Rolls Royce ‘small modular’ nuclear plant wins £210M government investment

The government has announced funding of £210 million for Rolls-Royce to develop new nuclear technology – part of the £385 million Advanced Nuclear Fund announced last year in the 10 Point Plan for a Green Industrial Revolution. Rolls-Royce Group, BNF Resources UK Limited and Exelon Generation will invest £195 million in te technology across a period of around three years.
Exelon Generation operates 21 nuclear reactors at 14 sites in the USA. BNF Resources is described as “part of a family office with extensive investments in the energy space”.
The funding will allow the company to take forward phase 2 of the Low-Cost Nuclear project to further develop a Small Modular Reactor (SMR) design and take it through the regulatory process. The grant follows £18 million invested in November 2019, which the government says has already delivered significant development of the initial design.
The government says SMRs have the potential to be less expensive to build than traditional nuclear power plants because of their smaller size. Although they have been described as ‘mini’ the Rolls Royce design actually has a unit capacity of 470MW – smaller than the 1600MWe EPR, but similar to the recently closed plant at Wylfa (the largest of the UK’s old Magnox fleet). It is also a similar size to the ‘workhorse’ nuclear power plant used in eastern Europe for many years, the so-called VVER440, of which over 30 were built in the USSR and Eastern Europe. The largest of the AGR fleet closing over the next few years has a unit capacity of 680MW.
The company says a single Rolls-Royce SMR power station will occupy the footprint of two football pitches.
In addition, SMRs’ modular nature allows parts to be produced in factories, which has cost advantages in speed of production and quality control. This has long been a goal of nuclear new-build and in fact was an original intention of the EPR design under construction at Hinkley Point C (and planned for Sizewell C). At Hinkley Point EDF addressed weather-related quality issues that arose during construction of similar plants by creating a weather-proof bunker to build large items in factory-type conditions on site. Rolls Royce says 90% an individual Rolls-Royce SMR power plant will be built or assembled in factory conditions and around 80% could be delivered by a UK supply chain. It says much of the venture’s investment is expected to be focused in the North of the UK, where there is significant existing nuclear expertise.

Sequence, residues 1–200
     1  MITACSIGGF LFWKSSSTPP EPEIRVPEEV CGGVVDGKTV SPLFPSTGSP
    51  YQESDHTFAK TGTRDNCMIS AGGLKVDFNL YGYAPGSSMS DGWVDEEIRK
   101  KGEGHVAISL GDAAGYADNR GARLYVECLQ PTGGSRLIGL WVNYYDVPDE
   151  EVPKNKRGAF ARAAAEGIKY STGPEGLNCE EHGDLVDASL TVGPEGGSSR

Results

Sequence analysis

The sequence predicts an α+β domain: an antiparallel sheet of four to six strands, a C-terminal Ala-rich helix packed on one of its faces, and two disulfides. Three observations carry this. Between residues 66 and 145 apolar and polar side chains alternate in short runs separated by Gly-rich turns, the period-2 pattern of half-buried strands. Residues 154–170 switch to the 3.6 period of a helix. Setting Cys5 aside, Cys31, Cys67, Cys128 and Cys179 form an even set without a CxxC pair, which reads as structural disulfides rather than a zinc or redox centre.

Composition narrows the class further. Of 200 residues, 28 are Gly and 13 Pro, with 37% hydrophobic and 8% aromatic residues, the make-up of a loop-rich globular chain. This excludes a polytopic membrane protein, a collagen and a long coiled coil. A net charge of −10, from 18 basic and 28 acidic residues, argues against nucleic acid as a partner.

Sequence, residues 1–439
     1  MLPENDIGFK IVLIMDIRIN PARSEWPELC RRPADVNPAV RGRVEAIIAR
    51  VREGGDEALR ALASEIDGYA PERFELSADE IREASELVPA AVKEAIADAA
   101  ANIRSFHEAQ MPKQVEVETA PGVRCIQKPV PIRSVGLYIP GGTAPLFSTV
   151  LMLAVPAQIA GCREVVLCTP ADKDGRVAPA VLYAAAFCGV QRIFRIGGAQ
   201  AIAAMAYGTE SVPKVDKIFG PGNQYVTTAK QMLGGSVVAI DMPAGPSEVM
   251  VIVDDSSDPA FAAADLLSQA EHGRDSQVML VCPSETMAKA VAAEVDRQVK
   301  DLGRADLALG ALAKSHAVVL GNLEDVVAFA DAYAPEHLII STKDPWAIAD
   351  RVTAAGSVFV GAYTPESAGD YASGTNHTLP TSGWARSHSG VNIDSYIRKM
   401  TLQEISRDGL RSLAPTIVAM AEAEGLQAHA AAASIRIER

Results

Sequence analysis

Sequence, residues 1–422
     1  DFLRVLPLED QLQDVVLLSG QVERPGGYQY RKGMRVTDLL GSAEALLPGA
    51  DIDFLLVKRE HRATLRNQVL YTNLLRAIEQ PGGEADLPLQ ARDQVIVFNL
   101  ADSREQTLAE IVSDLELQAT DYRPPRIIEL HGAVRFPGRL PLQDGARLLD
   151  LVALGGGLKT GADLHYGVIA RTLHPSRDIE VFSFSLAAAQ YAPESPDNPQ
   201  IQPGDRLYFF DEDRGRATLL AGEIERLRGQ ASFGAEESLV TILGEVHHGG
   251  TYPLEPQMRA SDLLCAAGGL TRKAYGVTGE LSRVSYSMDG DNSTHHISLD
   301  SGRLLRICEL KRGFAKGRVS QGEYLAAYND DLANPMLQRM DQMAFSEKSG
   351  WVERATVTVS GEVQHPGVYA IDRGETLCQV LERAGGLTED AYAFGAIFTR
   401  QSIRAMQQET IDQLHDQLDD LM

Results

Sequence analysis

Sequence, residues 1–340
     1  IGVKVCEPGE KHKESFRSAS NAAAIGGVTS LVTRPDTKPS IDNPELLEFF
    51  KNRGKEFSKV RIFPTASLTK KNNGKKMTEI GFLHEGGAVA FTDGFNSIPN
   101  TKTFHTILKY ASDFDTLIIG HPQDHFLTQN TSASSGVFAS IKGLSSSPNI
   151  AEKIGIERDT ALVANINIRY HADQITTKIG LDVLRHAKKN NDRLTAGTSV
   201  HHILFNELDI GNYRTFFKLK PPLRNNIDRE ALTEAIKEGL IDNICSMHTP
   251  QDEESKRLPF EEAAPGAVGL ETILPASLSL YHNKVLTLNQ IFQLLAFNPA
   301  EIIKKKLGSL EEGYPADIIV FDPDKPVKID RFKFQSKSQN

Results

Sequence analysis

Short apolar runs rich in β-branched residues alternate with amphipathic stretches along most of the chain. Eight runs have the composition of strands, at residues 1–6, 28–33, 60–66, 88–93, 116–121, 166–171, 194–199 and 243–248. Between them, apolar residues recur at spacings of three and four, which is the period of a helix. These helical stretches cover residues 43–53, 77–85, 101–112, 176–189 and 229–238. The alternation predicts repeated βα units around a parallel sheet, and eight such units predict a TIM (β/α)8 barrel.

Rolls Royce said the SMR business would continue to seek further investment, but will “proceed rapidly” with parallel delivery activities, including entry to the UK Generic Design Assessment (GDA) process for the reactor technology and identifying sites for the factories which will manufacture the modules that enable on-site assembly of the power plants.
The news cames as Parliament considers the Nuclear Energy Financing Bill which establishes a new financing model for nuclear projects, known as the Regulated Asset Base (RAB), which would also set up government investment of £1.7 billion to bring at least one large-scale nuclear project to a final investment decision.
In addition, a £120 million Future Nuclear Enabling Fund will provide targeted support towards further nuclear projects.Business and Energy Secretary Kwasi Kwarteng said: “In working with Rolls Royce, we are proud to back the largest engineering collaboration the UK has ever seen – uniting some of the most respected and innovating organisations on the planet. Not only can we maximise British content, create new intellectual property and reinvigorate supply chains, but also position our country as a global leader in innovative nuclear technologies we can potentially export elsewhere.”